The Dutch company Lightyear presented what it says is the world’s first production-ready solar car. The Lightyear 0 is a family sedan with 5 m2 of integrated photovoltaic panels, capable of generating up to 70 km of driving without recharging per day.
After growing its workforce to 500 people and securing agreements with more than 100 suppliers, Lightyear is ready to start manufacturing. His first car is this four-door electric sedan, with enough battery power to deliver 560 km of highway driving at 110 km/h, even without sunshine.
That’s a pretty good number; in WLTP tests, the Lightyear 0 offers 625 km of range, nearly 4% more than Tesla’s Model 3 Long Range AWD.
Lightyear claims to have developed the the most efficient electric powertrain ever, and that these autonomy figures are obtained with a battery of only 60 kWh. For comparison, the Model 3 Long Range AWD offers an 82 kWh package.
So while the WLTP range is well below what the company expected during high-speed testing in February, the Lightyear still enjoys longer range with a significantly smaller battery than the Tesla, using just 10 .5 kWh per 100 km while driving at 110 km/h on the highway.
This is partly due to low aerodynamic drag; Lightyear claims that the 0’s drag coefficient of 0.19 makes it the the most aerodynamic family car ever built.
Another part is due to Bridgestone tires specially designed to reduce rolling resistance.
But it is also a desire for efficiency at the expense of performance: the 0 takes 10 seconds to accelerate from 0 to 100 km/h and reaches a top speed of 160 km/h. Tesla taught us to expect blistering acceleration, and the Model 3 Long Range AWD can hit 60 in four seconds on the road at a top speed of 145 mph. Lightyear is not interested in these games. You’ll feel sluggish next to a Tesla.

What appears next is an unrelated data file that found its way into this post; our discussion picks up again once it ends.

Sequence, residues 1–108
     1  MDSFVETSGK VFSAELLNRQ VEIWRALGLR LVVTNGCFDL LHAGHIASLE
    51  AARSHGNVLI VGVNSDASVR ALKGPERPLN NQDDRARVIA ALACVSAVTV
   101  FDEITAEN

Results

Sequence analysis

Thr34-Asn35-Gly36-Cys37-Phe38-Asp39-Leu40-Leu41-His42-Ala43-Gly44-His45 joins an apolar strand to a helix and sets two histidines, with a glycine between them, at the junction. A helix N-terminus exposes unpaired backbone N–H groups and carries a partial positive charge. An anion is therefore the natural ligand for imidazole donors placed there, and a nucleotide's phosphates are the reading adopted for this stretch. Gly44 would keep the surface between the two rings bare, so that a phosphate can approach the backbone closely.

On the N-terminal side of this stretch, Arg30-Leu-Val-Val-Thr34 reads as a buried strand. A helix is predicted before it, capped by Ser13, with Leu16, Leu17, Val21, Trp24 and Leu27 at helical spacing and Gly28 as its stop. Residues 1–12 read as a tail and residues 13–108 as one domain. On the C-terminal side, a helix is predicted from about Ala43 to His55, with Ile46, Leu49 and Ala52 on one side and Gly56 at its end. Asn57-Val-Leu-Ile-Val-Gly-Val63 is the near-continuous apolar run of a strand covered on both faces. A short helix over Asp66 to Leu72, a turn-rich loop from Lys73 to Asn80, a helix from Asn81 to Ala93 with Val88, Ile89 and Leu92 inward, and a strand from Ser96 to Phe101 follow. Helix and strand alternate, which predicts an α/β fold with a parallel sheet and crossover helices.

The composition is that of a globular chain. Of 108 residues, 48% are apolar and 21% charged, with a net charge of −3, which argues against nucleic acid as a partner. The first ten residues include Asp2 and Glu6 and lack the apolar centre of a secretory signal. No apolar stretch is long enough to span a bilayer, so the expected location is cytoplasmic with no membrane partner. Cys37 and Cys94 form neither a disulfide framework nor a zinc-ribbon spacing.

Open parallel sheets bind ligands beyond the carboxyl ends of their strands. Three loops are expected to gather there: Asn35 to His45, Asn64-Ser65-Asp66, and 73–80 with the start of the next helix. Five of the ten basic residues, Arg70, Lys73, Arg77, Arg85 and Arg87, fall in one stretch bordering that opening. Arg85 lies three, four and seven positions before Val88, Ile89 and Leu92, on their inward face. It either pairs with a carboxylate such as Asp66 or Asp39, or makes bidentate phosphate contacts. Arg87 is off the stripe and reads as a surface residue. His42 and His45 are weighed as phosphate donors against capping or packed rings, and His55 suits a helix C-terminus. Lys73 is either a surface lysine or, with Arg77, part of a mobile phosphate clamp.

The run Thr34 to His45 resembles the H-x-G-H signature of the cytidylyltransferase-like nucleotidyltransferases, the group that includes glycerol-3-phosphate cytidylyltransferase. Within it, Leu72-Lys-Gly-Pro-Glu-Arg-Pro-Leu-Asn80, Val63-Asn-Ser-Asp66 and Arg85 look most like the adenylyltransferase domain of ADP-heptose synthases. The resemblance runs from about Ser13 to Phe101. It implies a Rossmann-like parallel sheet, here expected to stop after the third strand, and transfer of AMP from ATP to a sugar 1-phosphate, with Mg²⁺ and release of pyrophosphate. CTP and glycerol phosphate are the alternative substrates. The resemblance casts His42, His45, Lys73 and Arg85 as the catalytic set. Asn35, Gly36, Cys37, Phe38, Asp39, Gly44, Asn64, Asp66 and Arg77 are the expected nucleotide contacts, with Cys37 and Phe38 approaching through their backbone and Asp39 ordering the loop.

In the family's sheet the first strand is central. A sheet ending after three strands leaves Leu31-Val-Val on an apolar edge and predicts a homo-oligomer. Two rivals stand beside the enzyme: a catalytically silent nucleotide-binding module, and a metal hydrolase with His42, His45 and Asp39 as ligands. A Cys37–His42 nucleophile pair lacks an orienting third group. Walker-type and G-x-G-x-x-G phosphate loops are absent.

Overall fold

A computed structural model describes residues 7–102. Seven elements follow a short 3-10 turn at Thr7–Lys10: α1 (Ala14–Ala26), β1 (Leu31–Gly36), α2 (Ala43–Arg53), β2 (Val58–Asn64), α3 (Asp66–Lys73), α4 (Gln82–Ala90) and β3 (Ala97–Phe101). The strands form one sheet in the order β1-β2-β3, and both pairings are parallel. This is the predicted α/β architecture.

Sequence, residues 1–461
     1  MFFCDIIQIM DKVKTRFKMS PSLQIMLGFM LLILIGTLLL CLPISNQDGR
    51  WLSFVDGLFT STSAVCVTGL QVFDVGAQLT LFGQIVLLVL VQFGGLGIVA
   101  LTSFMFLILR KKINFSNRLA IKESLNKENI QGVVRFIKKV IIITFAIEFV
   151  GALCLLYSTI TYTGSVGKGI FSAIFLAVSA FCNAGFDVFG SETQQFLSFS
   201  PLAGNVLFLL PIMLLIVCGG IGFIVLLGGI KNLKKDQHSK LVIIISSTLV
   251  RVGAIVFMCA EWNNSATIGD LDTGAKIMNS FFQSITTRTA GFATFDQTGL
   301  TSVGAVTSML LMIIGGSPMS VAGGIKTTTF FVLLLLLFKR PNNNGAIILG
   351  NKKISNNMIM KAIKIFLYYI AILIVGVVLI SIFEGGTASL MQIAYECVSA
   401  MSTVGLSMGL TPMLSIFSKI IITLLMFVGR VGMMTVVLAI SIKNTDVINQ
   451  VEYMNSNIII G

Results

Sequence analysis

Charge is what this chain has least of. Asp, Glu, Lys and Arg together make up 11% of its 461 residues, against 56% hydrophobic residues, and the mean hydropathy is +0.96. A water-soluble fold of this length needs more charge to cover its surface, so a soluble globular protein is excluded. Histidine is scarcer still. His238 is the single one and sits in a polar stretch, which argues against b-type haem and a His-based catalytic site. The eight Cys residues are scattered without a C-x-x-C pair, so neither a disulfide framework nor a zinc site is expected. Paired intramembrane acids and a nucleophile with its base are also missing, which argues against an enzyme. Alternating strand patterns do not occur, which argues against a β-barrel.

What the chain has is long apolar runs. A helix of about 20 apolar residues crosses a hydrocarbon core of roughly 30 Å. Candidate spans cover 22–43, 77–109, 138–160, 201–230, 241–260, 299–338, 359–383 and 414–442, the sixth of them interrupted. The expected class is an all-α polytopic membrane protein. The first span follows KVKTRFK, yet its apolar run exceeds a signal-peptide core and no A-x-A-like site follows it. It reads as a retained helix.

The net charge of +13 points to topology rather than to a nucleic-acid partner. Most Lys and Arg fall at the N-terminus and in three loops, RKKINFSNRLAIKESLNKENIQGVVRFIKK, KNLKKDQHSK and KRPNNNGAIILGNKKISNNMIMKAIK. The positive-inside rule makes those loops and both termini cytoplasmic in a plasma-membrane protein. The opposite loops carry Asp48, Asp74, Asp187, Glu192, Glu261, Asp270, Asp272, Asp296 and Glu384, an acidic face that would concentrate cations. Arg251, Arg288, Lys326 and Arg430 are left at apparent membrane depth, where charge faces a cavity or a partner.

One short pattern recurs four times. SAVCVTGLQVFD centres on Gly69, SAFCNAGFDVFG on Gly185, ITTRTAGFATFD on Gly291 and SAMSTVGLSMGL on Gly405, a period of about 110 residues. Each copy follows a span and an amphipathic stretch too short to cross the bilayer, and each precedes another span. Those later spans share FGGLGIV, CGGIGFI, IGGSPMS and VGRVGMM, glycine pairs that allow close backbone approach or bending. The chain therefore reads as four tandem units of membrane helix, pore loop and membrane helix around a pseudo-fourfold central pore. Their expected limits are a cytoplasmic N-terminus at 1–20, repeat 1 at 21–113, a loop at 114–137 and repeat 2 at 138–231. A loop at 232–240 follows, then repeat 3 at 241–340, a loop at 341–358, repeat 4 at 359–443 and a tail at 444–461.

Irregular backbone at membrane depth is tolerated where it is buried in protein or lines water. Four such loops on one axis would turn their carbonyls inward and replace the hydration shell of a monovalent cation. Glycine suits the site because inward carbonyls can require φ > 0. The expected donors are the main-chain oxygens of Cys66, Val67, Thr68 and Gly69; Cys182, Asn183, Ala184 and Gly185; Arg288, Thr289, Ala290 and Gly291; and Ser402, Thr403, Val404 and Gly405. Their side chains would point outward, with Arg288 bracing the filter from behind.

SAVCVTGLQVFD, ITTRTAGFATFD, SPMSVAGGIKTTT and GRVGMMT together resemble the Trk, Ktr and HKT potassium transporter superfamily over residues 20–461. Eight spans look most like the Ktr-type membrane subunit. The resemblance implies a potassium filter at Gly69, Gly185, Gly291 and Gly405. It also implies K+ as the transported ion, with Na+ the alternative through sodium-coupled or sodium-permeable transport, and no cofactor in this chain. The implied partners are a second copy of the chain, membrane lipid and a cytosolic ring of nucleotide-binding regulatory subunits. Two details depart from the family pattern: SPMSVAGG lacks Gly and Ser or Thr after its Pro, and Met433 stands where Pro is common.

But it will spend much less time on the charger. Solar panels can’t provide a full battery charge on a sunny day, but they can help, and that’s where Lightyear’s focus on efficiency pays off. Under ideal conditions, the photovoltaic panels covering the bonnet and rear roof can provide up to 1.05 kW of constant charging.
On a summer day, Lightyear claims to be able to do up to 70km of driving. If you add a fully charged battery, Lightyear claims that if the daily commute is less than 50 miles, you can use this device for months and thousands of miles before you need to plug it in.
Solar charging can provide up to 10 km range per hour. On a domestic socket, it will recharge at 32km/h, and will quickly recharge up to 520km/h where the infrastructure is available.
There’s seating for five, plenty of space for luggage, and the vegan interior, made from vegetable-tanned leather, recycled PET bottles and rattan palm tree, is quite nice. There’s a 10.1-inch touchscreen to handle navigation and infotainment, and it all feels comfortable enough.
The Lightyear 0 is also very expensive. Only 946 units will be made, to be delivered from November, and each will cost €250,000 ($266,000). If sold, the company says it will be ready to move forward with a more affordable solar car, with a starting price of €30,000 ($32,000) and an expected production date of early 2025.
Going through light year.one